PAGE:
Metzger Memorial for Papyrology Congress at Geneva, 2010

Bruce Manning Metzger passed away at Princeton NJ, where he had spent his entire academic life, on 13 Feb 2007, just 4 days after his 93rd birthday. While professor Metzger did not claim to be a papyrologist, as a graduate student he did course work in the subject with A.C.Johnson resulting in Metzger editing two of the Princeton University papyri in the 3rd volume of that corpus (1942). But his first love was the associated area of textual criticism, where he became the leading American scholar in the field of New Testament Greek textual studies.

Metzger did his MA and PhD at Princeton University while also studying at the Princeton Theological Seminary, where he then taught for 46 years until retirement in 1984. It is said that he taught more students than any other teacher at that institution, and his scholarly output was prodigious, including several articles on NT papyri. He also traveled widely and was honored as president of several major academic societies (SBL and SNTS in 1971; NAPS 1972, and the Society for Textual Scholarship 1995, as well as being elected to the American Philosophical Society and as a corresponding member of the British Academy which also honored him with its Burkitt Medal for Biblical Studies in 1994. He also received three Festschriften (1981, 1985, 1994) and several honorary degrees.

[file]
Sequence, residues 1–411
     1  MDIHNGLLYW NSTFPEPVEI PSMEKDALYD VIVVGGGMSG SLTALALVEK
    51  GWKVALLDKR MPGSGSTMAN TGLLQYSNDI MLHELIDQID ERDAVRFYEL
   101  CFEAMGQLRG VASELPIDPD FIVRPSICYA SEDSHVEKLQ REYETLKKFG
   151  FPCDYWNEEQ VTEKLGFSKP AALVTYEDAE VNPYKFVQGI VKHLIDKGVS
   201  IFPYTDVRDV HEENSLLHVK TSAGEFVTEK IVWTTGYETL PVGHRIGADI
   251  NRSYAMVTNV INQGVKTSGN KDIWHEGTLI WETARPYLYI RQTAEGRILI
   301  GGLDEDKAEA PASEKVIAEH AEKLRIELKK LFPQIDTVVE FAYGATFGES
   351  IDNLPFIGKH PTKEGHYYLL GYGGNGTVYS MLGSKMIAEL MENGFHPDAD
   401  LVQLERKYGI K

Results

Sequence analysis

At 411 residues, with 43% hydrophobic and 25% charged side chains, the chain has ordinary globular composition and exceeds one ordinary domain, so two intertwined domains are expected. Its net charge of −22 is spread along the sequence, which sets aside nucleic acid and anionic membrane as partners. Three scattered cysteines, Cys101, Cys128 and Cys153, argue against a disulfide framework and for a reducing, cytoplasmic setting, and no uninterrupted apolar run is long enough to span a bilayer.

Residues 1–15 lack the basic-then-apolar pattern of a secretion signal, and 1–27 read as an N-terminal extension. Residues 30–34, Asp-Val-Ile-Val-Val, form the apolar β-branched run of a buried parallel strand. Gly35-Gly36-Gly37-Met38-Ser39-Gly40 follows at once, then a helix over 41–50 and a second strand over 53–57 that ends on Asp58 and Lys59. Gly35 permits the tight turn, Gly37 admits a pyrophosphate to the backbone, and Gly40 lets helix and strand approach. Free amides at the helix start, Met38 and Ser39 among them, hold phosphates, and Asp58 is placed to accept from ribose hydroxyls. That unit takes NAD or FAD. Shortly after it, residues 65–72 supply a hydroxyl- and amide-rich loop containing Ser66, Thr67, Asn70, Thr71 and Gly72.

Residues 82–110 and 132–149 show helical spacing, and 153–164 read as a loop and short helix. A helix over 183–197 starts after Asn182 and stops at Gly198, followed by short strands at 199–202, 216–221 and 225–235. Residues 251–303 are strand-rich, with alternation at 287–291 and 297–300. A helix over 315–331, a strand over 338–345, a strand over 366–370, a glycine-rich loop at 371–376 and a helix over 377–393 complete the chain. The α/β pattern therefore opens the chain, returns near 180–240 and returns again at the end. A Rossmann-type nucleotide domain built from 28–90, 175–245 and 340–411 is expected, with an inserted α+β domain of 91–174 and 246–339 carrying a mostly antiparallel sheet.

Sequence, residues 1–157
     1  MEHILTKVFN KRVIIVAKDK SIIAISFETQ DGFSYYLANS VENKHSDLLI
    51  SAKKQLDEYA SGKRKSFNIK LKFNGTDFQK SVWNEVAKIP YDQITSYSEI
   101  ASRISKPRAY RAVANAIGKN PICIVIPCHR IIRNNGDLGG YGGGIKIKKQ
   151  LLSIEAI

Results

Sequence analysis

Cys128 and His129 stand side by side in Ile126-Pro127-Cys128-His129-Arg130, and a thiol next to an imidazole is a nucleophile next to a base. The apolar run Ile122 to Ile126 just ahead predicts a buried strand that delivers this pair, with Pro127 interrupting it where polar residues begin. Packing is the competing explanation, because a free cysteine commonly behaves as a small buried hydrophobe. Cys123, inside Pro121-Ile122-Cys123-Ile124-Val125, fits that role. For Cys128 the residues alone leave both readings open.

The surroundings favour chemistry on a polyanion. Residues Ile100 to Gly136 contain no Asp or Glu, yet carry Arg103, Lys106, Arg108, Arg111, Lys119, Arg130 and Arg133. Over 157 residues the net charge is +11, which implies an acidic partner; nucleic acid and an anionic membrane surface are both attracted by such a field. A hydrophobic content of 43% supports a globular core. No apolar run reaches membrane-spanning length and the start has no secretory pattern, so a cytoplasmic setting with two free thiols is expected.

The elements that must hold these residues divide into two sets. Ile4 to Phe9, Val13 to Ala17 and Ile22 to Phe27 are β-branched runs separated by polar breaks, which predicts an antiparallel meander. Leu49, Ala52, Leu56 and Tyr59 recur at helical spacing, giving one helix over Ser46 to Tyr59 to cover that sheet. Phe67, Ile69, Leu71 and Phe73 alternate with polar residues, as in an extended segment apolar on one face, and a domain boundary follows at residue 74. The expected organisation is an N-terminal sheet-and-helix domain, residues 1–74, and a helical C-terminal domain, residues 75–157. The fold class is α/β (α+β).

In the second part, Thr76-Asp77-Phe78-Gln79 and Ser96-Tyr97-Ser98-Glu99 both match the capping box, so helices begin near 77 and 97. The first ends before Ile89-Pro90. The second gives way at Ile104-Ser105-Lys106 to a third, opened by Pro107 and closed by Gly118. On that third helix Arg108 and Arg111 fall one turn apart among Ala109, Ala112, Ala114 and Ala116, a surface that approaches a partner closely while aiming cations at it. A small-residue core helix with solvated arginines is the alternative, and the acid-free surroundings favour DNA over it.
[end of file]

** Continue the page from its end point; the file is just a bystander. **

Metzger is probably best known for his work as an editor of the Greek NT, and as a central member of the RSV and NRSV Bible translation teams. He had a fantastic footnote-type memory for bibliographic and similar details, and several of his publications gathered such information into extremely useful compilations. One of his hobbies was collecting pithy comments that he came across in his own reading. He included an appendix of such materials in his 1997 autobiographical Reminiscences of an Octogenarian one of which is the paradoxically somewhat verbose observation by Thomas Jefferson,  “the most valuable of all talents is that of never using two words when one will do” – which I take to mean “keep it focused.” Thus the details of Metzger’s fruitful life are spread throughout the available obituaries, many of which are online. To them I add this belated personal observation: he was a gentle person and an unpretentious friend and colleague who has left many with many warm memories.

Robert A. Kraft